a) Without Hadith, the finer details of Islam (How to pray), etc, will not be available

        b) Hadith gives us a fascinating/inspiring look into how the Prophet (pbuh) and his companions went about their daily lives. We see that they are just as human as us, and have fears, hopes, aspirations and imperfections like you and me. This I feel makes it easier to relate to the practical aspects of Islam.

        c) Most importantly, the Qur’an instructs us to obey the prophet and that can only be done with reference to Hadith

        Hope I conveyed something useful.

      • Spinoza says:

        My comment was not directed at you, Eren – hence my prefacing it with @Muslim. I appreciate that you have a liberal interpretation of the texts and interpret the verses referring to hell in a less literal way than the majority of Muslims. Nonetheless, those who DO believe that those verses refer to a real place, where Allah will spend eternity burning the skin off the backs of sinners only to replace them so he can start all over again etc etc. surely believe in something that can only be described as sadistic.You HAVE read the verses to which I am referring, have you? If we read them literally then there is NO doubt that Allah delights in threatening his creation with the most appallingly sadistic torture one can imagine. I therefore make no apology for using the word. How would you describe such actions? Hence my use of the word torture comes from the Qur’an. Allah will torture sinners most Muslims believe; there is no other word for it.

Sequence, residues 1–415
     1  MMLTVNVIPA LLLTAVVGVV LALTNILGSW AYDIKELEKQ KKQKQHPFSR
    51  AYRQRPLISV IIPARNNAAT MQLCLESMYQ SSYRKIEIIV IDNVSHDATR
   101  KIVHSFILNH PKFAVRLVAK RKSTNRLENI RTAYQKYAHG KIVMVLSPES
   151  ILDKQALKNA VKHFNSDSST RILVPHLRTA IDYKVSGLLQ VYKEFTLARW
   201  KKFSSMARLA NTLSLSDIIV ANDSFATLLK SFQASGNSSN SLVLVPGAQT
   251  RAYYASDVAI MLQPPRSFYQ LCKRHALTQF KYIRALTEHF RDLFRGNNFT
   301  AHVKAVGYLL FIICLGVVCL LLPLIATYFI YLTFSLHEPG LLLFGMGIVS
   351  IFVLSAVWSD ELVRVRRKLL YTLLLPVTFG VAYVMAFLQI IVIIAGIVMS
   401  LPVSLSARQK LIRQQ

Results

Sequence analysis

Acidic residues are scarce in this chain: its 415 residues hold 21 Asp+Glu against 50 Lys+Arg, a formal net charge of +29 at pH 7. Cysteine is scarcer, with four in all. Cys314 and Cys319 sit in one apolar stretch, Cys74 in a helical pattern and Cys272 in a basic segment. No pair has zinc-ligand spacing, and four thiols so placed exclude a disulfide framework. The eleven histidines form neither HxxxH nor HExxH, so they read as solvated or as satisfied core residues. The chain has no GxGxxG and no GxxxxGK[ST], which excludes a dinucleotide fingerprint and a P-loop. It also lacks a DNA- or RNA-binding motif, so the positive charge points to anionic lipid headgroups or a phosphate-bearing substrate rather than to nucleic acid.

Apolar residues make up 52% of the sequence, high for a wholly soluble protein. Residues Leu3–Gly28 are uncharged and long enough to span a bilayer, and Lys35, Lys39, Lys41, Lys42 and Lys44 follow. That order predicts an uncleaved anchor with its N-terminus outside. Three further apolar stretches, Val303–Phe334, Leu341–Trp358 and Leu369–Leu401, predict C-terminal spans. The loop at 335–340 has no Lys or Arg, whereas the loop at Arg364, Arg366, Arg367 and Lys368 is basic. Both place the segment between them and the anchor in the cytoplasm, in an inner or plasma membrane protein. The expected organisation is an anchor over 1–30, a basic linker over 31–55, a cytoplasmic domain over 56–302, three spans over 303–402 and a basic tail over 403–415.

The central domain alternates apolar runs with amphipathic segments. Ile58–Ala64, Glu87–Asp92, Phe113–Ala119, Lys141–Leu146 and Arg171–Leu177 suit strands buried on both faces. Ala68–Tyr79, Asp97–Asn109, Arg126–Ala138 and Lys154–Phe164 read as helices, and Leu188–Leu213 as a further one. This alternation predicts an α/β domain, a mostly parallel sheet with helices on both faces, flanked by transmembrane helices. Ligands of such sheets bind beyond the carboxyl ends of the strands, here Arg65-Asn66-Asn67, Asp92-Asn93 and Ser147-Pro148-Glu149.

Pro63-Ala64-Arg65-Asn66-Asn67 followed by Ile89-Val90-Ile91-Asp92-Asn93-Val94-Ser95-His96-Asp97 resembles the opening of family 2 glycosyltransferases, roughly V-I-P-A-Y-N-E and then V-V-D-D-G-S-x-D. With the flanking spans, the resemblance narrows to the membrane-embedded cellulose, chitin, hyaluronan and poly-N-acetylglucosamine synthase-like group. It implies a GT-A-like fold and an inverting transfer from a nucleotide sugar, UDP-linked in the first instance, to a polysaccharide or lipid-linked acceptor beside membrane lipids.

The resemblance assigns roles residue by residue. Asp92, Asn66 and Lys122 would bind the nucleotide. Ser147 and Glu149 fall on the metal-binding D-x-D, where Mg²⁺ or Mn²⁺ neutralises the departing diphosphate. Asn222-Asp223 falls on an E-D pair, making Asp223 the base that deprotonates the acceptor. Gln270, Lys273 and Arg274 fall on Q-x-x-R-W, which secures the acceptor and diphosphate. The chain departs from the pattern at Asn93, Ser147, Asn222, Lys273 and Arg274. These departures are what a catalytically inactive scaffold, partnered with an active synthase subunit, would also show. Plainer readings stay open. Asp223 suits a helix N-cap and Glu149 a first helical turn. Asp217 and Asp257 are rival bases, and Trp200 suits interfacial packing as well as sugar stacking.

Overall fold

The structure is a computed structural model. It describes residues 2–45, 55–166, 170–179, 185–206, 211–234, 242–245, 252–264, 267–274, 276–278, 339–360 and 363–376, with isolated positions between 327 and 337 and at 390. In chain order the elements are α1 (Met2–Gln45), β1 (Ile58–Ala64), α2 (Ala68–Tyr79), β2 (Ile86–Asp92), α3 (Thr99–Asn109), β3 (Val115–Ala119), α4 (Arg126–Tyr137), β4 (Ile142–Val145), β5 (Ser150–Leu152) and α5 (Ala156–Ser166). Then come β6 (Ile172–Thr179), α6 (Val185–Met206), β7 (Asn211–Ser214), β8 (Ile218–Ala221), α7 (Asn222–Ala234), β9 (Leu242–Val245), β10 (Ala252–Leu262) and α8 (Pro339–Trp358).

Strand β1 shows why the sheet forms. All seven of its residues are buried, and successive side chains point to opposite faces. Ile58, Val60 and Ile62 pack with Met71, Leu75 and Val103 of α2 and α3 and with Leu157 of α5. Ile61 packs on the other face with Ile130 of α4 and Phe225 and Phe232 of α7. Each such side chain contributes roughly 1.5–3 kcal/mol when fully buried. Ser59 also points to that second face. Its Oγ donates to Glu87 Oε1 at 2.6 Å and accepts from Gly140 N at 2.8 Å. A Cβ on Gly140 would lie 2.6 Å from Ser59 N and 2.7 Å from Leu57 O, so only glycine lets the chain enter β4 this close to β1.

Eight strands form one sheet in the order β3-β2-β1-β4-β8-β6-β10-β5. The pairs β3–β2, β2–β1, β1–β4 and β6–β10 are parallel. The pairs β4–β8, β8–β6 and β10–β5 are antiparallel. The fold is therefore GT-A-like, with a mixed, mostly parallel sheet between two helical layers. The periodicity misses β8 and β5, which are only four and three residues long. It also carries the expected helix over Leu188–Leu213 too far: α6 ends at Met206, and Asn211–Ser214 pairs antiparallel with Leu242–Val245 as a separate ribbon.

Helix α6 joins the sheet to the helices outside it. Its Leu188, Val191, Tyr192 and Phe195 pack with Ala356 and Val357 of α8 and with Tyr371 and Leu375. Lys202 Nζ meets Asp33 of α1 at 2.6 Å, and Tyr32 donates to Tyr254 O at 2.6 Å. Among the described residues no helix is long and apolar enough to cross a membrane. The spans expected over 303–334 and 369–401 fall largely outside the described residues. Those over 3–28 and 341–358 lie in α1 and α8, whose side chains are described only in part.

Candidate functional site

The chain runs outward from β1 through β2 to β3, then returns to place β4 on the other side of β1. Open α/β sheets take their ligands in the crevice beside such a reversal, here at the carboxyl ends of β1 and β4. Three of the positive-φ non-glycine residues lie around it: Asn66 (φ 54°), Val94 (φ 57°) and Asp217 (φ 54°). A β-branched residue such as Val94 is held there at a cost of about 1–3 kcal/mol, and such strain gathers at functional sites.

I, in turn, am insulted that you suggest I get my information about Islam solely from “the media” or “my circle”, whatever that may be, rather than studying the texts. I have read the Qur’an in various translations and in various languages. I have also studied the ahadith – a huge number of which paint a very disturbing picture of Mohammad.
        With regard to the word jealous, you quote the Christian and Jewish God. I agree – both are jealous and vengeful. Hence the reason why I am am not a Christian.
        So am I trying to insult your religion? No. Am I trying to encourage people to re-think their adherence to religion? Absolutely! And as a Muslim you have a duty, despite saying the contrary, to persuade me become a Muslim. Hence a healthy debate. I have nothing to fear from debate. Neither should you – as long as we are polite and respectful (which I hope I have been!)